Rankings: A Dramatization of the Incentives Created by Ranking Law Schools
St. John's University - School of Law
St. John's Legal Studies Research Paper No. 08-0097
Sellers in a competitive market shift resources from attributes buyers don't care about to attributes buyers do care about. In markets in which buyers rely on imperfect signals for quality, sellers move resources away from improving the quality of their product to enhancing the illusion of quality. For example, before freshness dating, when consumers tested the freshness of bread by squeezing it, bakers reportedly added chemicals to bread to preserve its softness longer, thereby creating the illusion of freshness. Similarly, law school rankings encourage schools to shift resources away from improving the quality of the education they provide in favor of investing in improving their standings in the rankings. Consequently, under the guise of serving the market, rankings which are based on the wrong criteria are likely to subvert the market because they both fail to measure accurately the quality of a school's education and reduce the quality of legal education.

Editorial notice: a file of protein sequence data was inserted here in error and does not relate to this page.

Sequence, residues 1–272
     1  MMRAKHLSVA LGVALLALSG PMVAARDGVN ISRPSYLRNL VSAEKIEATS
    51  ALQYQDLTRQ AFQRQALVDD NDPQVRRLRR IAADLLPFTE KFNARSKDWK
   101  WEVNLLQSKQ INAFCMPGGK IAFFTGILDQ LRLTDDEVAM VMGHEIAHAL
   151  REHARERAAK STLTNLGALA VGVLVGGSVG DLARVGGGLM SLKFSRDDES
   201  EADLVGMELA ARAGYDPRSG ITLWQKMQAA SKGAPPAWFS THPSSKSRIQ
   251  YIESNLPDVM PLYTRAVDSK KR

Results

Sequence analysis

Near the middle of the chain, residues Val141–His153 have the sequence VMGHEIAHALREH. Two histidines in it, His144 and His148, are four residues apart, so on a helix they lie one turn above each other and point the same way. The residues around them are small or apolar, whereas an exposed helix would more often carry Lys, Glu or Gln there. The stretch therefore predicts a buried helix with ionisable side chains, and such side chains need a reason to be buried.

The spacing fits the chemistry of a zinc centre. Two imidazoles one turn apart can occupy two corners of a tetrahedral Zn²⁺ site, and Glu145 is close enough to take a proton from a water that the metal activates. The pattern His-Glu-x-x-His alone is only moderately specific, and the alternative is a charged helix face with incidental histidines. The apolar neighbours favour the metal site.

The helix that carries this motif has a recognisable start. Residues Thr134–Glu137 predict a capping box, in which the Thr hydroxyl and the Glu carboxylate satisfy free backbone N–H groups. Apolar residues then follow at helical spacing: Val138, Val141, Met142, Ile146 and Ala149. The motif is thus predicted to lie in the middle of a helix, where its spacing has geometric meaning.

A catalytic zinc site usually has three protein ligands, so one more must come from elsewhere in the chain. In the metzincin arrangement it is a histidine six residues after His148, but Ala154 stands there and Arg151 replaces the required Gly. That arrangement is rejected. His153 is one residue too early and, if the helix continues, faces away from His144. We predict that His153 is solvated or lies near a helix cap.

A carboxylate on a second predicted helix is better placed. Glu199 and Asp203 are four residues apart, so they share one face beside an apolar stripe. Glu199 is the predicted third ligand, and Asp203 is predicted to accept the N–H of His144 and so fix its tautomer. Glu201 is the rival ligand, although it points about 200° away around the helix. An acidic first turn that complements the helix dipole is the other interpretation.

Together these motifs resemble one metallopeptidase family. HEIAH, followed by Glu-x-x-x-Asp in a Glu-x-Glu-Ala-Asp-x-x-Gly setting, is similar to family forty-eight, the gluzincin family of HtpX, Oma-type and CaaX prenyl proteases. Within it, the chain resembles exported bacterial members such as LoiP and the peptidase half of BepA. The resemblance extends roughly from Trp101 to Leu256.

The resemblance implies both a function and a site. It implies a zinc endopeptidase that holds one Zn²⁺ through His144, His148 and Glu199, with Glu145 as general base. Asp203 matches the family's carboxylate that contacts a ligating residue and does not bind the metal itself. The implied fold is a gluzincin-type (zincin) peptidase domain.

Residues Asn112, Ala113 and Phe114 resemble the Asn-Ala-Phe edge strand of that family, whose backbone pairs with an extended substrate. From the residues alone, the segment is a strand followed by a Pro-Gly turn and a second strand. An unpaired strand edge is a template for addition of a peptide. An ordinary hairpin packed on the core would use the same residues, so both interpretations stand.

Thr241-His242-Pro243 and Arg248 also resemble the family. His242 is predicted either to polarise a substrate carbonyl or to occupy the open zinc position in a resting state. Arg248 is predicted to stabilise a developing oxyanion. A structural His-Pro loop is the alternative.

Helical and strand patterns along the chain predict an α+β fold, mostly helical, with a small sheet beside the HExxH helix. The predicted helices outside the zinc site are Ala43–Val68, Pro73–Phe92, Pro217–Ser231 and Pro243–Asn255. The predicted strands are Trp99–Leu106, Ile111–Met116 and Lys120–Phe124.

This piece dramatizes some of the ideas discussed in the preceding paragraph. It takes the form of a fifteen minute-play with three characters: a law school dean, a junior law professor, and a law student. The play illustrates how the incentives created by a ranking system could affect law schools and their administrators, faculty, and students. The play format is intended to make the ideas expressed more vivid.
Number of Pages in PDF File: 16
Date posted: February 26, 2008 ; Last revised: May 25, 2008
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